A disagreement over a network of Kyrgyzstani schools that Turkey views as havens for state sabotage and even terrorism is fast turning into a game of chicken.
Judging by Bishkek’s latest salvo, the smaller country is reluctant to roll over, even in the face of increasingly strident demands from Ankara.
On September 11 Kyrgyzstan’s Foreign Ministry summoned Turkey’s ambassador and told him to “only reflect objective information” in his public speeches, after the diplomat had referenced the schools in a press conference the previous day.
Ambassador Cengiz Kamil Firat had told journalists eager to know the fate of the controversial Sapat schools that Turkey’s government-run Maarif Foundation would soon be taking them over. The schools had initially been built with the “money of Turkish taxpayers,” he said.
The Education Ministry responded that the schools are firmly under Kyrgyz government control and that only the schools’ founders – including “citizens of the Kyrgyz Republic” – could determine their fate.
The fees-based Sapat schools were previously known as the Sebat schools before the Kyrgyz government rebranded them, under Turkish pressure, in 2016 after a botched coup attempt in Turkey. The Sebat schools had been linked to Fethullah Gulen, an enigmatic 77-year-old U.S.-based educator and cleric whom Ankara blames for masterminding the coup attempt.
The controversy puts Bishkek in a tricky position. The Sapat schools remain among Kyrgyzstan’s best, while Turkey increasingly classifies friends and enemies according to their stance on Gulen.
Fellow Turkic state Azerbaijan, for instance, stands firmly among Ankara’s best buddies. The country had already begun clearing out Gulen-linked institutions in 2014, after the cleric’s very public split with Turkish leader Recep Tayyip Erdogan. Following the coup attempt, Baku duly finished the job. Turkmenistan, too, has cracked down on Gulen supporters in the country.
Others who joined the anti-Gulen effort late have made up for lost time.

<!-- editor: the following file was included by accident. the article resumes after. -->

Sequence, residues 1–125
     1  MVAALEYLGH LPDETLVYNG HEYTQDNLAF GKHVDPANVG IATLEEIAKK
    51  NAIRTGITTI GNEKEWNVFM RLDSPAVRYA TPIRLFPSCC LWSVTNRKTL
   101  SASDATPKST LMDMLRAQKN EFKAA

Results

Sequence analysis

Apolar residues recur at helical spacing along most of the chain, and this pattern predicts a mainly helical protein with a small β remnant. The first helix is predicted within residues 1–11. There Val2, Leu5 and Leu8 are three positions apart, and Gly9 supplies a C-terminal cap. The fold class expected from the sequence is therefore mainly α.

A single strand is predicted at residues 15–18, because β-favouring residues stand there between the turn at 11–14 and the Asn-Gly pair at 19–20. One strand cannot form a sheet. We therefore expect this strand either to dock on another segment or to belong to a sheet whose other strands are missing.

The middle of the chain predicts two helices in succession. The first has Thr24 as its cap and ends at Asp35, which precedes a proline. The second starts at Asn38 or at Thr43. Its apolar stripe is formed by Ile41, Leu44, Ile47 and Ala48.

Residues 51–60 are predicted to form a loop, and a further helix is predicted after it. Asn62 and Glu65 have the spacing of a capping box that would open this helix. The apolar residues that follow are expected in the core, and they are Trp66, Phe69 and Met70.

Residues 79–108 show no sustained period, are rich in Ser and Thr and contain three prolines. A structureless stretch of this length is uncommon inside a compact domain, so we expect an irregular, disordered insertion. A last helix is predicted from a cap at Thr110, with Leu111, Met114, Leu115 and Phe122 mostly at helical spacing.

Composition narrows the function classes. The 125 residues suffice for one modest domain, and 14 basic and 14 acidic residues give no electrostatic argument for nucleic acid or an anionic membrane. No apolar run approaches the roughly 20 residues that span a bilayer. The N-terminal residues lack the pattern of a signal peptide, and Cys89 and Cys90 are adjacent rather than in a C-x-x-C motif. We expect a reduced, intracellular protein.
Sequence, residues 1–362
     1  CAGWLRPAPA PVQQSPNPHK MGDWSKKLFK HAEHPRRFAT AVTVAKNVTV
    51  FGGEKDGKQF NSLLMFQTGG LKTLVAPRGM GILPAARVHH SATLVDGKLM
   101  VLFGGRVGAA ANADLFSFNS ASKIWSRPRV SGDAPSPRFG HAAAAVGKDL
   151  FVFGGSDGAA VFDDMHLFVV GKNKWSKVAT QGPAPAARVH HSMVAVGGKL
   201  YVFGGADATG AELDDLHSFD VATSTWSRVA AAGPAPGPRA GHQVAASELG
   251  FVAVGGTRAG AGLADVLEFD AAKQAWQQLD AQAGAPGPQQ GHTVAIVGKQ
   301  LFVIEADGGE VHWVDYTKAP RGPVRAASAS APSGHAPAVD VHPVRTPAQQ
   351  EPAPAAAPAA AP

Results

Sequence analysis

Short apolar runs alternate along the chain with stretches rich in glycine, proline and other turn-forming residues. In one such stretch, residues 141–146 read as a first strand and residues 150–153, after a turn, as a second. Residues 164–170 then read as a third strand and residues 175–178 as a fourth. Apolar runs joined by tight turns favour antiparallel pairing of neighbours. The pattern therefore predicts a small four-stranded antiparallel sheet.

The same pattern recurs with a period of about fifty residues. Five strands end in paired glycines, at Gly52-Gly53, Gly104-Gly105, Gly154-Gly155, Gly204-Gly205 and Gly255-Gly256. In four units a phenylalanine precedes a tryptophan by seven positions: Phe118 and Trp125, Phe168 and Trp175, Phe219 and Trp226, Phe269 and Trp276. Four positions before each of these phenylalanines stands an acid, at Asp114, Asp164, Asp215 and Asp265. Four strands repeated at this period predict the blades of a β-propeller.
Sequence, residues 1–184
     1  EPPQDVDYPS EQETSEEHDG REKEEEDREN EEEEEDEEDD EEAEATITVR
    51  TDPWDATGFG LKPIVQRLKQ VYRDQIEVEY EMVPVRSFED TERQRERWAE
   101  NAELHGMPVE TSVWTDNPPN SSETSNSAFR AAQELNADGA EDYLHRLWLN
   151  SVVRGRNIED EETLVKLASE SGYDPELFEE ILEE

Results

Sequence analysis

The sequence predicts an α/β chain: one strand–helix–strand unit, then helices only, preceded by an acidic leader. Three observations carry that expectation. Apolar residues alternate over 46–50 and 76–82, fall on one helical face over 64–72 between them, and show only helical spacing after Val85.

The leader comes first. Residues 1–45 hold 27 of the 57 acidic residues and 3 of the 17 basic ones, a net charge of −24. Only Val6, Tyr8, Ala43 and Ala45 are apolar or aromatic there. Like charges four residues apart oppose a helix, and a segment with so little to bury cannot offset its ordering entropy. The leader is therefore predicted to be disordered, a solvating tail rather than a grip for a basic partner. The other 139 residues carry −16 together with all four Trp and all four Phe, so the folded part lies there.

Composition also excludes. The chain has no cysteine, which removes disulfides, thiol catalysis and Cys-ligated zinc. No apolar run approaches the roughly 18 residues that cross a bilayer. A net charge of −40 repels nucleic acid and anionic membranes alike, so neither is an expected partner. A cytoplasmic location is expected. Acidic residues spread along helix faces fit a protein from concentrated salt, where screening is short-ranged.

This week, Moldova deported seven Turkish nationals who were teachers at a Gulen-linked school in the capital, according to Amnesty International. Another six Turks were deported from Kosovo earlier this year.
All of them are believed to be imprisoned now in Turkey, where tens of thousands of teachers and civil servants have been jailed over supposed Gulen links since the coup attempt.
Kyrgyzstan, meanwhile, is sitting on the fence.
When Erdogan visited Bishkek last week, his speeches were peppered with references to FETO, an acronym Ankara uses to liken the Gulenist network to a terrorist organization.
During a meeting with President Sooronbai Jeenbekov, Erdogan warned that Kyrgyzstan might also face a coup if it doesn’t act decisively. Turkey would save the country from the "shadow of FETO," he promised.
To Bishkek, just as alarming as the school-takeover push is a reported list of 130 arch-Gulenists the Turkish delegation supposedly handed local authorities during Erdogan’s visit; Ankara is said to have demanded 13 be extradited immediately.
If correct, that report by Turkish daily Hurriyet, citing a "senior Turkish official," would suggest Kyrgyzstan's space for diplomatic prevarication is rapidly shrinking.
Yet bowing to Ankara’s demands also carries a political cost, especially if doing so compromises the market-leading and popular Sapat schools, where some top officials have their children.
Jeenbekov is already under fire for appearing to cozy up to the religiously conservative Erdogan during his visit, irking secular types by hailing the growing number of mosques in a country where schools are thin on the ground.
Kowtowing on either Sapat or the extradition list would inevitably be billed by the country's vocal civil society as failing an independence test.
At any rate, giving an inch may only encourage Ankara to seek miles further down the line.
According to Firat’s predecessor as ambassador, Metin Kylych, who gave an interview to local media shortly after the 2016 coup attempt, Kyrgyzstan is home to at least 3,500 Gulen supporters.
Kylych did not say whether Kyrgyz citizens, including Sebat graduates who now work in business and government, were included in that figure.
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